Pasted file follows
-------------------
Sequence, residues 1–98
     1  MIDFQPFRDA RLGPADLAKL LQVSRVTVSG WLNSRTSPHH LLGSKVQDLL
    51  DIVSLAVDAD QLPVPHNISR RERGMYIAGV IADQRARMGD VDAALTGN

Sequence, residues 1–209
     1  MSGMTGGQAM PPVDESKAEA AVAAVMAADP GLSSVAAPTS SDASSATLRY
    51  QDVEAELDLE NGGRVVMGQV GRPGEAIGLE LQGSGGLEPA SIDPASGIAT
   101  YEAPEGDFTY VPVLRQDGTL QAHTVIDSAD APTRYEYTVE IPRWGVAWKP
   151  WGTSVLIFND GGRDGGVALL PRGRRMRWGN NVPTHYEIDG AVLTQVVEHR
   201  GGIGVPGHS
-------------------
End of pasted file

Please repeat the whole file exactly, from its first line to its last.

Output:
Sequence, residues 1–98
     1  MIDFQPFRDA RLGPADLAKL LQVSRVTVSG WLNSRTSPHH LLGSKVQDLL
    51  DIVSLAVDAD QLPVPHNISR RERGMYIAGV IADQRARMGD VDAALTGN

Sequence, residues 1–209
     1  MSGMTGGQAM PPVDESKAEA AVAAVMAADP GLSSVAAPTS SDASSATLRY
    51  QDVEAELDLE NGGRVVMGQV GRPGEAIGLE LQGSGGLEPA SIDPASGIAT
   101  YEAPEGDFTY VPVLRQDGTL QAHTVIDSAD APTRYEYTVE IPRWGVAWKP
   151  WGTSVLIFND GGRDGGVALL PRGRRMRWGN NVPTHYEIDG AVLTQVVEHR
   201  GGIGVPGHS